Verna Cook Garvan (1911–1993)
Verna Mary Cook Garvan was one of the first women in Arkansas to own a construction/manufacturing business and was the benefactor of what is now Garvan Woodland Gardens in Hot Springs (Garland County).
Verna Cook was born on January 22, 1911, in Groveton, Texas, to Arthur Bacillius Cook and Essie Louise Bordis Cook. Verna Cook and her sister, Dorothy, were raised to be “proper ladies,” but Verna often accompanied her father to work and absorbed his business acumen. In 1916, her father moved the family to Malvern (Hot Spring County) to manage the Wisconsin and Arkansas Lumber Company, an enterprise producing oak and pine flooring. Malvern Brick and Tile was also purchased by Verna’s father, who later served as a board member of what is now the Malvern National Bank. His land and business investments were transferred upon his death to his wife and daughters but administered by Verna. At the end of her life, she was purported to have the largest holding of timber rights in Arkansas, as she always retained the mineral and timber rights from company land sales.
Cook grew up in Malvern but attended Holton-Arms, a prestigious Washington DC girls’ school, for her secondary education. When her father died in an auto accident on August 12, 1934, she was engaged to marry Alonzo Bernard Alexander of Spartanburg, South Carolina. Her mother and sister wished to take no active role in the family business, and after her marriage on October 1, 1934, she proposed that she and her husband manage the holdings. They moved to South Carolina, and Verna Alexander, who was in her mid-twenties, wanted to become a successful businesswoman at a time when women had just procured the right to vote.
Alexander’s marriage did not allow daily oversight of her Arkansas businesses, but they thrived nonetheless. Her business decisions had brought her family through the lean years of the Depression. The brick company provided the fire brick for reconstructed White House fireplaces and more than 30,000 bricks for the Army and Navy Hospital (now the Hot Springs Rehabilitation Center) in Hot Springs. She later built a show home in prestigious Hillsboro Beach, Florida, where she could nationally market her brick products in a climate she believed better suited her ailing son, Arthur Cook Alexander, born with cystic fibrosis. Arthur died in his late teens on November 29, 1954, and her first marriage ended soon after in 1956.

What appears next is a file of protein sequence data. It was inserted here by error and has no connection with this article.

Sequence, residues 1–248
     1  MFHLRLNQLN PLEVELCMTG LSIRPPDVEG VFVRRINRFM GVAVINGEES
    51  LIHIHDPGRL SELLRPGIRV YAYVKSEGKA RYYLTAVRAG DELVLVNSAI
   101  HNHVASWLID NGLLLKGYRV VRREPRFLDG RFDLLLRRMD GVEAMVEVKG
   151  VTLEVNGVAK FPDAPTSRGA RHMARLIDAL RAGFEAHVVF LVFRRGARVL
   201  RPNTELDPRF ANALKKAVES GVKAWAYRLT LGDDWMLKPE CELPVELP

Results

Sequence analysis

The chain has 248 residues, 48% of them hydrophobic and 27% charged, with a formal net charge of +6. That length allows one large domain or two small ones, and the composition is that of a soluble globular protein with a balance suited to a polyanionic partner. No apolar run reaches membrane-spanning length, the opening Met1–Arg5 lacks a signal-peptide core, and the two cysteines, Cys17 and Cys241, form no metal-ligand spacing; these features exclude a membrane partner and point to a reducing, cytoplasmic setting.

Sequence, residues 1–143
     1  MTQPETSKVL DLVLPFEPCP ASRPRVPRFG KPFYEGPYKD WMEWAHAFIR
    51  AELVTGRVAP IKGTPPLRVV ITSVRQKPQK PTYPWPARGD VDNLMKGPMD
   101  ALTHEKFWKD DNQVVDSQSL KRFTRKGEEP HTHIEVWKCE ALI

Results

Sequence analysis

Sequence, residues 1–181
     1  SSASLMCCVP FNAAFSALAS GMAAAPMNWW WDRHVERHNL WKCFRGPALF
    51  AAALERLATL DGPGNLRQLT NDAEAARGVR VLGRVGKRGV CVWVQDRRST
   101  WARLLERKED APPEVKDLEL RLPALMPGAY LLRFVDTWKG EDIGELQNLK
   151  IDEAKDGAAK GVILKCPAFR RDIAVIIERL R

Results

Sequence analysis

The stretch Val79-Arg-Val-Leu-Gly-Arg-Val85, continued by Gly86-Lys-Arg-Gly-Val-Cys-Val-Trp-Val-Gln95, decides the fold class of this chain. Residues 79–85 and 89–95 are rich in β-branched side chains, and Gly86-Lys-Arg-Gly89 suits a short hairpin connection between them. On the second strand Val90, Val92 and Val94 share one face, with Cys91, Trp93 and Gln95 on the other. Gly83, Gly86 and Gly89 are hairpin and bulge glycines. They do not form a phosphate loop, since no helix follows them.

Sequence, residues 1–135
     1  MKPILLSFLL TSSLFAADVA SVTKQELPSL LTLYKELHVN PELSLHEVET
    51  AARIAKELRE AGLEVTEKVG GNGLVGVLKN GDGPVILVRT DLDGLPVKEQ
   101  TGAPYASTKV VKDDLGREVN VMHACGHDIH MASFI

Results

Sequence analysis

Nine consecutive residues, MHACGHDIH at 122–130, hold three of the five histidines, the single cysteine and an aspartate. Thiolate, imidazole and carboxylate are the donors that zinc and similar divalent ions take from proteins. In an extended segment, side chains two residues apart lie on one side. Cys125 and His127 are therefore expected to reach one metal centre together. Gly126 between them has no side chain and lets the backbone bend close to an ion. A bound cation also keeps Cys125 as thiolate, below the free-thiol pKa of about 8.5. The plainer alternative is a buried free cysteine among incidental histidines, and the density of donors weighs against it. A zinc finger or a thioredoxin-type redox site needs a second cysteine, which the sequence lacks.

Verna moved permanently back to Arkansas and actively pursued her business interests. She became one of the first female chief executives in Arkansas. In the late 1950s, she met Francis Patrick Garvan Jr., son of a prominent New York City family who was visiting a friend in Hot Springs. They married on June 29, 1960, and lived in Hot Springs while planning a new home on the dual-peninsula, 210-acre property that is now the site of Garvan Woodland Gardens. She had been initially developing a garden there since about 1955 or 1956 and eventually planted hundreds of species of ornamental and native trees and shrubs. Her gardening interest had been forged early in life by the Malvern family’s African-American gardener.
When Patrick Garvan died unexpectedly in 1975, plans for the home were never realized. Verna Garvan sold her company to Acme Brick in the 1970s, and her efforts were afterward centered on her garden. Disappointed in her personal life, she sought to ensure that her garden would remain viable after her death.
In 1985, she bequeathed the first forty acres of her property to the Department of Landscape Architecture at the University of Arkansas (UA) in Fayetteville (Washington County), calling it Twentieth Century Gardens. She believed this woodland botanical garden could remain as a natural remnant in a century that had taken much from the earth. She maintained personal control of the garden, working with the department to catalog each plant species and its location until her October 1, 1993, death in Hot Springs from pancreatic cancer. She is buried in New York City’s Woodlawn Cemetery in the Garvan family mausoleum beside her second husband and her son Arthur.
Garvan’s endowment is directed by a trust to the University of Arkansas Foundation and the School of Architecture. Before her death, Garvan engaged renowned Arkansas architect E. Fay Jones to design her garden’s centerpiece, now known as the Verna Cook Garvan Pavilion. Its presence has inspired other landscape architecture and architecture garden commissions by notable Arkansans and their contemporaries. The garden has been partly funded by the state.
For additional information:
Brittenum, Judy Byrd. “Verna Cook Garvan: Time in a Garden.” Arkansas Historical Quarterly 70 (Spring 2011): 1–15.
Garvan Woodland Gardens. http://www.garvangardens.org (accessed January 25, 2023).
Parker, Suzi. “Benefactor of UA, nature lover dies.” Arkansas Democrat-Gazette. October 4, 1993, p. 4B.
Verna Cook Garvan Papers. Department of Landscape Architecture. University of Arkansas at Fayetteville, Fayetteville, Arkansas.
Judy Byrd Brittenum
University of Arkansas, Fayetteville
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